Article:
Our Investment Philosophy

History has shown that long-term investors are most successful when they stick to a proven investment strategy through good times and bad.  By “sticking to a strategy” we do not mean buying an investment and simply holding it forever.  Rather, we prefer strategies that permit modest adjustments to a portfolio in response to compelling market opportunities as they arise.  For example, sometimes the investments of a given asset class will be selling at bargain-basement prices.
To be successful, investors must be willing to weather the inevitable ups and downs of the markets.  This can be difficult.  Market declines can produce anxieties and powerful emotional reactions that undermine one’s ability to stay the course.  If we give in to those feelings and abandon the strategy before it has a chance to produce results, then it doesn’t really matter how sound the underlying strategy was.  Chances are, we will end up with diminished long-term performance.
Our basic investment philosophy is that the management of risk in a portfolio is just as important as the management of return.  
    • Managing risk means reducing exposure to loss in case the market should decline.  This helps investors remain calm so they can avoid “bailing out” at or near a market low, which is a common mistake that often results in reduced long-tern returns.
    • Managing return means selecting high performance investments and combining them into portfolios in a complementary way, thereby causing the whole portfolio to become greater than the sum of its parts.  This “synergy” tends to enhance returns without requiring an increase in the portfolio’s risk level.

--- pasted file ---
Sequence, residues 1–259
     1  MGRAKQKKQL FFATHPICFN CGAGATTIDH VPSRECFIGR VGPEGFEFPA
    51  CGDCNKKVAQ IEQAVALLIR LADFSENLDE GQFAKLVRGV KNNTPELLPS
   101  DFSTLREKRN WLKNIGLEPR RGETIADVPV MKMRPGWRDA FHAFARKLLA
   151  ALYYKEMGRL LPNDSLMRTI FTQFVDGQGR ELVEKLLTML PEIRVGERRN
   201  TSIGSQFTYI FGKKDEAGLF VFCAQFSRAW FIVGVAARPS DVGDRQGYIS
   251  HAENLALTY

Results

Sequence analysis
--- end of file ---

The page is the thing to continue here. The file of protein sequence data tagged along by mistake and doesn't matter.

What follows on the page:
We construct all of our portfolios with this basic philosophy in mind.  Here’s how we put that philosophy to work.
1) Well-Defined Targets and Limits.  Every good investment strategy needs a framework of discipline. To achieve investment success you need to know where you are headed and what it will take to get there.  Every portfolio we build has a specific target for long-term return and an associated benchmark that can be used to measure progress toward the target.
We also set specific limits on the amount of risk we are willing to take in managing each portfolio.  While there is no guarantee that we will always hit our targets, the structure we provide helps the investor understand what to expect and whether the portfolio is producing the desired results.
2) Minimize Losses.  We always pay special attention to how our portfolios perform in poor market environments.  Declines in portfolio value cannot be entirely avoided during tough markets, but portfolios can be designed to limit losses relative to the markets in general. 
In designing and managing our portfolios we try to soften the impact of difficult markets so our clients can weather the storm and ultimately reach their financial goals.  For example, we might replace a relatively volatile mutual fund with a less volatile fund of the same type. Or we may temporarily reduce the percentage of the portfolio devoted to one of the naturally volatile asset class.
3) Steady Progress.  We seek to produce solid, consistent returns rather than placing big bets that could produce alarming swings in portfolio value.  Investment strategies that “shoot for the stars” and try to maximize short-term returns usually involve a high degree of risk.  We believe that most investors want to protect what they have and are looking for a reasonable balance between risk and return.  We understand this and construct all of our portfolios to limit declines in difficult markets.
In our view, an investment strategy that is intended to produce consistent returns year after year can build wealth more effectively than a roller-coaster strategy that produces large gains at some times followed by large losses in others.  Patience produces steady progress, and steady progress helps investors stay the course.